Gennaro Gattuso had been spoiling for a fight all night.
Peter Crouch was not built to react to the Milan midfielder’s late lunges and provocation, Rafael van de Vaart and Steven Pienaar too amiable or astonished to respond to his antics, the officials seemingly unwilling to properly clamp down.
However, in the Tottenham technical area stood a square-jawed, shaven-headed Scot, eyes burning, dentures grinding. Joe Jordan had spent nearly half a century in football refusing to take a backward step and he was not about to start now.
It is 12 years to the day since Tottenham enjoyed one of their finest European results by beating then Serie A leaders AC Milan in the first leg of their Champions League last-16 tie. All that most remember of the night, though, are the two clashes between a wild-eyed, tousle-haired 33-year-old and a bespectacled opposition coach on the cusp of his 60s.
Were it not for Gareth Bale singlehandedly destroying Inter Milan in the group stages, Gattuso v Jordan would probably be the defining image of the north London club’s superb debut Champions League campaign.
Goals and skill remain football’s chief draw, but there is an allure to an on-field scuffle, despite what pearl-clutching commentators may tell you as the scenes force you from your seat and draw you ever closer to your television screen.
What made the San Siro spat all the more mesmerising was the way it played out over the course of an engrossing 90 minutes and that it pitted the then poster boy for modern combative midfielders against a grizzled old pro who had once been the hardest man for Milan in an era full of them.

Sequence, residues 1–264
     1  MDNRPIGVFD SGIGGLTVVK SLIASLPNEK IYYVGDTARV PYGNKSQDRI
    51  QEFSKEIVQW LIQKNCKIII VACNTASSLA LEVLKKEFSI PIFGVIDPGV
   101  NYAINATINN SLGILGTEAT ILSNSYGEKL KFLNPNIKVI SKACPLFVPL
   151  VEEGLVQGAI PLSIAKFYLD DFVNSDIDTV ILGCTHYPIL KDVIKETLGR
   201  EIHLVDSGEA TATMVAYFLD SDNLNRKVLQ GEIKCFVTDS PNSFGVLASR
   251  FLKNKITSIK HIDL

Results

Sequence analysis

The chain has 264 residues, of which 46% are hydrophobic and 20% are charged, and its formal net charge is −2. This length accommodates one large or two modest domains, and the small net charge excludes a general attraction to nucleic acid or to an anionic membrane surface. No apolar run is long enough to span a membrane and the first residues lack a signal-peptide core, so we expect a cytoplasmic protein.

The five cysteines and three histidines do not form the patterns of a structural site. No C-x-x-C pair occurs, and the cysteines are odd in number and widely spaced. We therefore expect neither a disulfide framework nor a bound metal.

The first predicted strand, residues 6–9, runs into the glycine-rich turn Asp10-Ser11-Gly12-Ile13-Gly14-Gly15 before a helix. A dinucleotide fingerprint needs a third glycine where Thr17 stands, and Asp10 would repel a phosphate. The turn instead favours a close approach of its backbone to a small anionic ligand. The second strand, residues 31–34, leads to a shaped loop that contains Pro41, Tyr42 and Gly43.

Sat in Sky’s studio in the San Siro on the night of the game, Graeme Souness, who knows a thing or two about getting stuck in on a football field, remarked that Gattuso had clearly “not done his homework” when he chose to take on Jordan.
Had he done, the Italian would have read about a man who grew up in a Lanarkshire pit village, learning to play on a local football field he called the Corn Patch. He would have learned of a player who was schooled by the likes of Billy Bremner and Norman Hunter in arguably the toughest changing room of them all at Leeds United in the 1970s. He may also have seen that in 2007, the Times named the Scot the 34th hardest man in football history.
A little closer to home for Gattuso, just two years prior to the game with Spurs, on the 110th anniversary of the formation of AC Milan, Jordan was named among the 110 most important players to appear for the club.
In truth, the Italian need only look at the images a quick Google search would offer; of the toothless grin Jordan earned by sticking his head in where it hurts during a goalmouth scramble in a reserve game early in his playing days. For much of his 11-year playing career in England, he was ‘Jaws’. In Italy, they called him ‘Lo Squalo’ (The Shark).
To hear Jordan describe the night he and Gattuso clashed, it would seem as though the Italian wasn’t thinking at all.
“Gattuso lost himself,” Jordan told Sky’s Goals on Sunday in 2016. “It was a big game, he was captain of his club, we won the game and he had problems with one or two of the players. He had a problem with the referee. He obviously had a problem with himself. He picked on an old man like me.”
The game began innocuously enough but became increasingly bad-tempered, with the home side angered at having to replace goalkeeper Christian Abbiati following a clash with Crouch in the box.
The size of the tie leant itself to commitment, with wet conditions making controlling tackles trickier. All it took was a few borderline challenges to go unchecked for grievances to fester and retribution to be sought. Gattuso was typically at the heart of it, but he was far from alone in a Milan midfield also containing former Arsenal player Mathieu Flamini.